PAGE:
Caution Tempers Expectations on Aid to Russia Funding May Help Restore Economy, but Some Resist IMF's Conditions, Say Analysts. GLOBAL FINANCE

By Amy Kaslow, writer of The Christian Science Monitor | The Christian Science Monitor, April 29, 1992 | Go to article overview
Save to active project

Caution Tempers Expectations on Aid to Russia Funding May Help Restore Economy, but Some Resist IMF's Conditions, Say Analysts. GLOBAL FINANCE


Amy Kaslow, writer of The Christian Science Monitor, The Christian Science Monitor


RUSSIA and 12 other ex-Soviet republics earned some capitalist credentials here April 27, as their applications were approved to the world's premier market-oriented institutions - the International Monetary Fund (IMF) and the World Bank.

United States Treasury Secretary Nicholas Brady called the new memberships, which provide the former republics access to billions of dollars in aid, "a far-reaching turning point in the history" of global financial organizations.

But Mr. Brady, other international finance officials, and private analysts offer a guarded view of just how quickly a pledged $24 billion in IMF, World Bank, and bilateral assistance will be parceled out to help transform the shattered communist systems into market economies.

Some analysts caution that while an influx of capital will spur reform, the conditions attached to the aid give those who oppose change a clear target.

"One of the sentiments on the rise is the IMF as Satan," says one US Soviet-policy analyst who is active in a number of technical-assistance projects in Russia and who also maintains close contacts with the Bush administration. "Politicians believe that the IMF is forcing Russia into more unemployment and a lower and lower standard of living."

Russian Deputy Prime Minister and economic reform architect Yegor Gaidar, whose tough policies were endorsed on April 27 by the world's leading industrialized countries, has promised to move ahead with his efforts.

The IMF could approve a $4 billion standby loan for Russia as early as July, when Mr. Gaidar says he wants to start the process of pegging the ruble to a leading currency, possibly the dollar. But there are signs, duly noted by IMF managing director Michel Camdessus, that the reforms are softening. One example is the Russian government's recent plan to meet the demands of the Congress of People's Deputies for higher civil-service salaries. More government spending only balloons the deficit and devalues the ruble further.

World Bank Senior Vice President Wilfried Thalwitz says he is confident about Russia's moves to a market economy. He estimates that the bank will lend $2.5 billion during the next year to the former Soviet republics for sorely needed imports. Foreign-exchange reserves are perilously low at $60 million, says Gaidar.

"Now we are in a very difficult period in our economic history," Gaidar told reporters here this week. Last week the Russian State Statistic Committee published a report stating that roughly a third of all Russians are impoverished. Moreover, industrial production has fallen 13 percent, joblessness is on the rise, and food shortages are more commonplace.

The rest of this article is only available to active members of Questia

Sign up now for a free, 1-day trial and receive full access to:

  • Questia's entire collection
  • Automatic bibliography creation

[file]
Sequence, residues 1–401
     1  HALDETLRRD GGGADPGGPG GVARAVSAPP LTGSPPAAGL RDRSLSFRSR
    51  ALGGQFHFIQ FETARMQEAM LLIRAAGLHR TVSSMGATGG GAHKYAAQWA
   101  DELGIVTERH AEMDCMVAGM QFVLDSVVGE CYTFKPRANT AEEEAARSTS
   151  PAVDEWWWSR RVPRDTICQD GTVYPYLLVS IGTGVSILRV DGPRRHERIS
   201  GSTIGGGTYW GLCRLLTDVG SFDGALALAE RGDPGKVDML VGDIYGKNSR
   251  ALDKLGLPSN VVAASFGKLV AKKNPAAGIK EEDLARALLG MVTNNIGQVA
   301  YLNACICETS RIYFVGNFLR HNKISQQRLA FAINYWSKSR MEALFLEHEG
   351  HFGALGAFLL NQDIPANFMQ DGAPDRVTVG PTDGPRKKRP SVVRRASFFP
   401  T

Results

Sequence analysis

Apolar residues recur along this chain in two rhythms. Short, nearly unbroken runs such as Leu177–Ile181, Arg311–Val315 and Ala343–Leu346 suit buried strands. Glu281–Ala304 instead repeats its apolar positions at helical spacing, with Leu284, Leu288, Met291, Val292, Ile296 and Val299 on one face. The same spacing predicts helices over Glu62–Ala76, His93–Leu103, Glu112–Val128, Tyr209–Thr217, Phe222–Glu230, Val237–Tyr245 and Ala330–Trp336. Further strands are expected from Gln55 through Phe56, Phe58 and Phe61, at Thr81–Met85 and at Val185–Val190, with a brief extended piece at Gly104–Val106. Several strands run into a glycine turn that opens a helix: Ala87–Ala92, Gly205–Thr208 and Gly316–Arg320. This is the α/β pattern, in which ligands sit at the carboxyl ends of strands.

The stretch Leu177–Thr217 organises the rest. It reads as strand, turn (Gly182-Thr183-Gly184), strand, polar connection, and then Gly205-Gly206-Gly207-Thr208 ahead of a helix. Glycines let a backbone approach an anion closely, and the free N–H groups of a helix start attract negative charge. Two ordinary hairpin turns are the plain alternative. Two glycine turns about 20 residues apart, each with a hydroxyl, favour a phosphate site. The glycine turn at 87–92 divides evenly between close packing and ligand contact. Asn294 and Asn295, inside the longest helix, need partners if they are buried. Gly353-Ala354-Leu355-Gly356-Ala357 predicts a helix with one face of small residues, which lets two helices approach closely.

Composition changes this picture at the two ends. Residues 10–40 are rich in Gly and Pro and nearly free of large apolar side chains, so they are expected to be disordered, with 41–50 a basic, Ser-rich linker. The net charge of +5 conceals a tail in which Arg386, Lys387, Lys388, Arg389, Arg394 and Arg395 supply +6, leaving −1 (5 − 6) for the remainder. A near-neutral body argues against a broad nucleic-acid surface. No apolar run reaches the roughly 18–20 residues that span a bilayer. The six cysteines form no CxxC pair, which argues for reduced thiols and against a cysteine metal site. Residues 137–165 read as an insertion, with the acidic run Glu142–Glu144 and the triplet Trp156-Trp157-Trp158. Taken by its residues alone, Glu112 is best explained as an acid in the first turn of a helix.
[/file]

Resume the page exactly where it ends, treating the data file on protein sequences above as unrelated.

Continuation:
• More helpful research tools like notes, citations, and highlights
  • Ad-free environment

Already a member? Log in now.

Notes for this article

Add a new note
If you are trying to select text to create highlights or citations, remember that you must now click or tap on the first word, and then click or tap on the last word.
Loading One moment ...
Project items
Notes
Cite this article

Cited article

Style
Citations are available only to our active members.
Sign up now to cite pages or passages in MLA, APA and Chicago citation styles.

Cited article

Caution Tempers Expectations on Aid to Russia Funding May Help Restore Economy, but Some Resist IMF's Conditions, Say Analysts. GLOBAL FINANCE
Settings

Settings

Typeface
Text size Smaller Larger
Search within

Search within this article

Look up

Look up a word

  • Dictionary
  • Thesaurus
Please submit a word or phrase above.
Print this page

Print this page

Why can't I print more than one page at a time?

While we understand printed pages are helpful to our users, this limitation is necessary to help protect our publishers' copyrighted material and prevent its unlawful distribution. We are sorry for any inconvenience.
Full screen

matching results for page

Cited passage

Style
Citations are available only to our active members.
Sign up now to cite pages or passages in MLA, APA and Chicago citation styles.

Cited passage

Welcome to the new Questia Reader

The Questia Reader has been updated to provide you with an even better online reading experience.  It is now 100% Responsive, which means you can read our books and articles on any sized device you wish.  All of your favorite tools like notes, highlights, and citations are still here, but the way you select text has been updated to be easier to use, especially on touchscreen devices.  Here's how:

1. Click or tap the first word you want to select.
2. Click or tap the last word you want to select.

OK, got it!

Thanks for trying Questia!

Please continue trying out our research tools, but please note, full functionality is available only to our active members.

Your work will be lost once you leave this Web page.

For full access in an ad-free environment, sign up now for a FREE, 1-day trial.

Already a member? Log in now.

Are you sure you want to delete this highlight?